John Keats is perhaps most famous for his odes such as this one, Ode on a Grecian Urn. As well as Ode to a Nightingale, in which the poet deals with the expressive nature of music, Ode on a Grecian Urn is another attempt to engage with the beauty of art and nature, this time addressing a piece of pottery from ancient Greece.
The urn itself is ancient. It’s been passed down over the millennia to finally reach Keats’s presence and, to him, seems to exist outside of the traditional sense of time. Ageless, immortal, it’s almost alien in its distance from the current age.
This allows the poet (or at least, the speaker in the poem) to mull over the strange idea of the human figures carved into the urn. They’re paradoxical figures, free from the constraints and influences of time but at the same time, imprisoned in an exact moment. For all that they don’t have to worry about growing old or dying, they cannot experience life as it is for rest of humanity.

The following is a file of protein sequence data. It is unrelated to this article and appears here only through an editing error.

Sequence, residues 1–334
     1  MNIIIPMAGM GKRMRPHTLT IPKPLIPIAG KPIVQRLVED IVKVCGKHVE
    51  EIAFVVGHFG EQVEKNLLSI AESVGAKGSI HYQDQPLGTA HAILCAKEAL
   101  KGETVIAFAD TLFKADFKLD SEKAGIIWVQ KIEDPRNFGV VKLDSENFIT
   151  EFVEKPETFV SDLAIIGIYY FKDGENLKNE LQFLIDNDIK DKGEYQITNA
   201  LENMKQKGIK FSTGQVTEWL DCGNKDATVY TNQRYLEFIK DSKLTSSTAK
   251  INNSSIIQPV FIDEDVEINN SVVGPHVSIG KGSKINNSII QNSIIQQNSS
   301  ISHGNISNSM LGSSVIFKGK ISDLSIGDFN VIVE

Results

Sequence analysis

The poem represents three attempts at engaging with the urn and its scenes. Across the stanzas, Keats tries to wonder about who the figures are, what they’re doing, what they represent, and what the underlying meaning of their images might be. But by the end of the poem, he realises that the entire process of questioning is fairly redundant.
Ode on a Grecian Urn Analysis
Like other entries in Keats’s series of odes, Ode on a Grecian Urn builds on a specific structure. Its closest formal cousin is probably Ode on Melancholy, though it contains a slightly different rhyme scheme. Split into five verses (stanzas) of ten lines each, and making use of fairly rigid iambic pentameter, Ode on a Grecian Urn is very carefully put together.